What surprises me most about the emails is how they apparently caved in to Intel when they were aware that they were sacrificing the "Vista Experience" for their future buyers. It is no wonder only 1/3rd or so Window Vista License holders are actually running windows Vista (estimate based on combining netapplications market share for Mac OS X and Windows Vista combined with Steve Job's statement of total Mac OS X installed base and Bill Gates statement of 100,000,000 licenses sold.)

  • Is it just me? (Score:5, Interesting)

    by sconeu ( 64226 ) on Thursday February 28, 2008 @02:30PM (#22590706) Homepage Journal
    OK, I'm officially a Paranoid Conspiracy Theorist(tm).

    I read the title as "Disney", not "Dismay".
  • Vista on minimal HW (Score:4, Informative)

    by secPM_MS ( 1081961 ) on Thursday February 28, 2008 @02:32PM (#22590740)
    As my handle notes, I work at MS. I worked on Vista security during its development and was frequently at ship room concerning security issues. My focus is not on neat consumer feature and great graphics. I have found that Vista runs well on old hardware that is not really adequate for the new visuals. -- I turn off the Aero interface (which saves a lot of RAM as well), running "Windows Classic" for my UI. I then go to system advanced properties and optimize for performance. The resulting system works quite well. I have an old XP box (Dell GX620, ~ 3 GHz processor with 1 GByte of RAM) that I am running Vista business on. I added a 330 GByte drive and use it as an index server for ~ 150 GBytes of source code that I search. Except when it is syncing its files with the master, when ~ 40 command line processes run synchronization simultaneously, it is reasonably responsive.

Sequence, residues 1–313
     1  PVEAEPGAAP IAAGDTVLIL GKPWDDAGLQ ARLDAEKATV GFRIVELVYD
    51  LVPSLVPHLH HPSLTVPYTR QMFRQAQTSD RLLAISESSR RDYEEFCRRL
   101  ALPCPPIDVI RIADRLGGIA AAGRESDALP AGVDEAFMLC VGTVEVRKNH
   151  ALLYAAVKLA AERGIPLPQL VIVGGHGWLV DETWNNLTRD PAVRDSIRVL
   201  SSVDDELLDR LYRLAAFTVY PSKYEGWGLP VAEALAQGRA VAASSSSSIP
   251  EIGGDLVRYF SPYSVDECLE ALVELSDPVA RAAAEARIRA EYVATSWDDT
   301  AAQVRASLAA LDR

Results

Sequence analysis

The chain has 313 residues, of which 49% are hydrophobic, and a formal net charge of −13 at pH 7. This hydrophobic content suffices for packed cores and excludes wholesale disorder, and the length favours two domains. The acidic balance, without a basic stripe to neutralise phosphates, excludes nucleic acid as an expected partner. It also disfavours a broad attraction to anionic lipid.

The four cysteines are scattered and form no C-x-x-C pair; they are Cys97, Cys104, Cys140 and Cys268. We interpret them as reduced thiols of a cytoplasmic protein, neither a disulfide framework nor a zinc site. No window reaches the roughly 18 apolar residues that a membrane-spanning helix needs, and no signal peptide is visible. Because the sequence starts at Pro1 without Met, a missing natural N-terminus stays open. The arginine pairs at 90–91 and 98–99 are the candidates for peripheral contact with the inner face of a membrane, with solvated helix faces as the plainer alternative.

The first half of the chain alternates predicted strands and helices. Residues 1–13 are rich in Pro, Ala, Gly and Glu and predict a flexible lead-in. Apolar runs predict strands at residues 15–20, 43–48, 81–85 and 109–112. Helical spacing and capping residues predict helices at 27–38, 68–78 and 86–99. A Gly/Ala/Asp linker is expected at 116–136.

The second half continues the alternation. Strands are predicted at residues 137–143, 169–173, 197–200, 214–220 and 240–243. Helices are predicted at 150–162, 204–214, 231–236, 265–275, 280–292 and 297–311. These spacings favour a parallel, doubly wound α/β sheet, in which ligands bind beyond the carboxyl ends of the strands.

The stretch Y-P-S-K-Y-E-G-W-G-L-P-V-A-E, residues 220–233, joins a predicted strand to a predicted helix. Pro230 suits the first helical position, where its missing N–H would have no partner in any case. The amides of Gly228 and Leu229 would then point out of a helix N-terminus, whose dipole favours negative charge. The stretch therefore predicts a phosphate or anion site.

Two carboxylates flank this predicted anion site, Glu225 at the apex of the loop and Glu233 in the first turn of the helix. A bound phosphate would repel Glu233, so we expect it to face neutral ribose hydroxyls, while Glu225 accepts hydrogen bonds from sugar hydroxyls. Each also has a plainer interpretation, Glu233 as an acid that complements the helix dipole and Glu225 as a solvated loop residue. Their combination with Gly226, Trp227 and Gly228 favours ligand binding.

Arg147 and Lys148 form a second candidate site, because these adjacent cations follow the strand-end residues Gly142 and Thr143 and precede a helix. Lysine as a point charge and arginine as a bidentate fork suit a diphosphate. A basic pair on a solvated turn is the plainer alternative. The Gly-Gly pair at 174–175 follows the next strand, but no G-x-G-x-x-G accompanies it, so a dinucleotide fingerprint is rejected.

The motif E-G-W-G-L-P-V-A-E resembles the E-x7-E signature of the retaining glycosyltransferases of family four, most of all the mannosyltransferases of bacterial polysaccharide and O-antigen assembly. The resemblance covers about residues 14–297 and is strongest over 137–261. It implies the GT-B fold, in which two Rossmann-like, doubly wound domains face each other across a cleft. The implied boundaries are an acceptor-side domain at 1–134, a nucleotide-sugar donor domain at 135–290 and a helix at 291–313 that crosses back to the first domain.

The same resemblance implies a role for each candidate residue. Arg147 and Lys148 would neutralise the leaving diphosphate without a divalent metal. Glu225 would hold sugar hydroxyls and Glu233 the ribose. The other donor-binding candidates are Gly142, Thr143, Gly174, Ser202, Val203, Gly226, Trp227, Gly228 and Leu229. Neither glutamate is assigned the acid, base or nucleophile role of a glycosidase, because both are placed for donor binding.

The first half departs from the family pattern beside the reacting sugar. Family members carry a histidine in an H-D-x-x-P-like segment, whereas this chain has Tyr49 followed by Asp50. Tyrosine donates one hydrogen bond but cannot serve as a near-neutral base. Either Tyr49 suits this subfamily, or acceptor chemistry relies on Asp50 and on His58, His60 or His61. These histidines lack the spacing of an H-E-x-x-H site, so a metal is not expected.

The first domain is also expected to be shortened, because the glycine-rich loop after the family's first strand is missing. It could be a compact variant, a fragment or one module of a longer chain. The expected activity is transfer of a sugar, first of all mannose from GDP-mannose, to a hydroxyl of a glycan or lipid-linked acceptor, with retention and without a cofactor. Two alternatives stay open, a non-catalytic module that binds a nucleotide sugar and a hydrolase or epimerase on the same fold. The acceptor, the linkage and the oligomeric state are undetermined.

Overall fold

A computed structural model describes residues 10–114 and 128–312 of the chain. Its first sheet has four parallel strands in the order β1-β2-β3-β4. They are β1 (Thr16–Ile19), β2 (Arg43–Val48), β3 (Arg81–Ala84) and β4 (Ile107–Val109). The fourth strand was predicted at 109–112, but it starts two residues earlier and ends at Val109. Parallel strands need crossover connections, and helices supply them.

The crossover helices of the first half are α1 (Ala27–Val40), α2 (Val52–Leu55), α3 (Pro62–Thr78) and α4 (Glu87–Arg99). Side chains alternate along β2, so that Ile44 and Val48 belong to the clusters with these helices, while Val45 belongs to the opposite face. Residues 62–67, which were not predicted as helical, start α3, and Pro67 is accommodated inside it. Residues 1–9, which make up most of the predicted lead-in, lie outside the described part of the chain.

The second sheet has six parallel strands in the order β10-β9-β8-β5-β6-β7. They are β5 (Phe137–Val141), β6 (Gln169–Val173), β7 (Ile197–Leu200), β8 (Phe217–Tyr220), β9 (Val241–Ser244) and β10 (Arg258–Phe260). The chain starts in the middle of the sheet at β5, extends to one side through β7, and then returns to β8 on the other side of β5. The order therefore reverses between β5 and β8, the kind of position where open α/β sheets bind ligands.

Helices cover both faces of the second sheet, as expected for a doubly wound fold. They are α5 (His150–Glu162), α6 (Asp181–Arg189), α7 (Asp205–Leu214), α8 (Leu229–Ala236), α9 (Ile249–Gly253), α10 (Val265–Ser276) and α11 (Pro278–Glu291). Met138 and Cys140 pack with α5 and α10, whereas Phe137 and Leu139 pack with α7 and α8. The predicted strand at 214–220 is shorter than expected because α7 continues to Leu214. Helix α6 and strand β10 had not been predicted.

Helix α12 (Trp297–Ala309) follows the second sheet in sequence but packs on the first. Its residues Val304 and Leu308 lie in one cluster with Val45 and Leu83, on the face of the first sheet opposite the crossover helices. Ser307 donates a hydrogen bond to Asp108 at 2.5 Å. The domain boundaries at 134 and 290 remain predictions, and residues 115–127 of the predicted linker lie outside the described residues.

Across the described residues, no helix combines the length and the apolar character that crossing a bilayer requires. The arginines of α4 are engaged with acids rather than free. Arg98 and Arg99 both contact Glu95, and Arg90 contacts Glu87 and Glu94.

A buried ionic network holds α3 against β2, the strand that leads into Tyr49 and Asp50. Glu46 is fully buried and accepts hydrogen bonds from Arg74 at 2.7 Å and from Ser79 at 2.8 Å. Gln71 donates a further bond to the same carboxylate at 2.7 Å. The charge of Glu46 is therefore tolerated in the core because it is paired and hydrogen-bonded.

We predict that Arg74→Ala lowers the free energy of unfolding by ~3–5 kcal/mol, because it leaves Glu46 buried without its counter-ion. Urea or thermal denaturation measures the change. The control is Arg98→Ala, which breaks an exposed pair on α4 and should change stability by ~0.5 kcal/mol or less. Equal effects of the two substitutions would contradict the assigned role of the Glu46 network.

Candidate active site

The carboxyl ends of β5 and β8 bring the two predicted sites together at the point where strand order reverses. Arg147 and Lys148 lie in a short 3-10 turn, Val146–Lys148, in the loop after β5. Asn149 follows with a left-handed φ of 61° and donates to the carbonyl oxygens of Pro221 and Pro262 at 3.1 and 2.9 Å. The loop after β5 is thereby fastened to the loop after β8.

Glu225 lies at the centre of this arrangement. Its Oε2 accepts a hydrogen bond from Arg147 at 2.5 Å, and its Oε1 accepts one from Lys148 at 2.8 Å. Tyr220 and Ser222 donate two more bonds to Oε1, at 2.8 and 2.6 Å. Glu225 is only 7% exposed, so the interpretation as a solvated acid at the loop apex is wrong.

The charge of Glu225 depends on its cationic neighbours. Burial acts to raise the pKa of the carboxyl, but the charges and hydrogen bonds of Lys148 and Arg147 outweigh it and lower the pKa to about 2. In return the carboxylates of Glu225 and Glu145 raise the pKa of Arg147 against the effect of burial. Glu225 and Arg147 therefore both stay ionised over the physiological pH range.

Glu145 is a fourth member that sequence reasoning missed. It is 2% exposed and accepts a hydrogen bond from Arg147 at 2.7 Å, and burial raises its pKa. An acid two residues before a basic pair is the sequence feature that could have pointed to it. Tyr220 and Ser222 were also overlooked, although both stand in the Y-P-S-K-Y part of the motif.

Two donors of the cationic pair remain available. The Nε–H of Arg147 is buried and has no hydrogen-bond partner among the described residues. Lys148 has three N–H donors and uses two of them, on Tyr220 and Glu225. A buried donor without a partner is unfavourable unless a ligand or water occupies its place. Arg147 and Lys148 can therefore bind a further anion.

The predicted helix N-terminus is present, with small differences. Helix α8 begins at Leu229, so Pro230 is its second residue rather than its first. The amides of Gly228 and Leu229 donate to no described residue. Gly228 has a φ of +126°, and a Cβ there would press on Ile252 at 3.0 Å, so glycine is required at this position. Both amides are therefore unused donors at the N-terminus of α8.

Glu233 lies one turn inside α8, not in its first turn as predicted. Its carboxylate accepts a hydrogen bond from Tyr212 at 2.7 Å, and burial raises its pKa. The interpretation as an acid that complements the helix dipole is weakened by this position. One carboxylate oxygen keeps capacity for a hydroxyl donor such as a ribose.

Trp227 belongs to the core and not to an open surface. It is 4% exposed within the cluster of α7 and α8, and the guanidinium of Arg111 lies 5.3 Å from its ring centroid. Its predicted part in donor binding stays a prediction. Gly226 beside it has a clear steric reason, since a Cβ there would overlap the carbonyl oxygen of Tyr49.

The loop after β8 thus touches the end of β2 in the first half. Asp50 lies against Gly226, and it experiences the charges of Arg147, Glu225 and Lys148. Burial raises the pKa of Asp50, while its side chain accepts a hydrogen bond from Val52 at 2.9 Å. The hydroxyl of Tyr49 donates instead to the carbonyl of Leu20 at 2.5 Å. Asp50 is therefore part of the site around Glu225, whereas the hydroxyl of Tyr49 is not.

I have found that Windows server 2008 runs very well on a ~ 3 year old Dell 610 notebook, even when the system is locked into maximum battery life (and minimum performance) mode. It has a ~ 2GHz processor and 2 GBytes of RAM.

    Playing graphics games costs CPU and GPU processing power. From my point of view, the reason to upgrade to Vista is its significantly higher security than XP, let alone the earlier OS's. Search is also very nice and quite useful.

    • Re: (Score:3, Insightful)

      by Anita Coney ( 648748 )
      "From my point of view, the reason to upgrade to Vista is its significantly higher security than XP, let alone the earlier OS's"

      If higher security is the reason, wouldn't it be better to switch to Linux or OSX? Just asking.
      • by Anonymous Coward on Thursday February 28, 2008 @02:58PM (#22591116)
        Call me a troll or flamer. But come on, even tho I know you are very possible trying to be funny and serious at the same time. But not everything is fixable with *nix or OSX. People look into upgrading their Windows system to a more secure Windows. Not totally changing platform. So please stop suggesting other OS. I have checked out Linux (and I do like it) but some times I just have to log into Windows to get some stuff done right. No OS is the magic wand.
    • by mzs ( 595629 ) on Thursday February 28, 2008 @02:56PM (#22591092)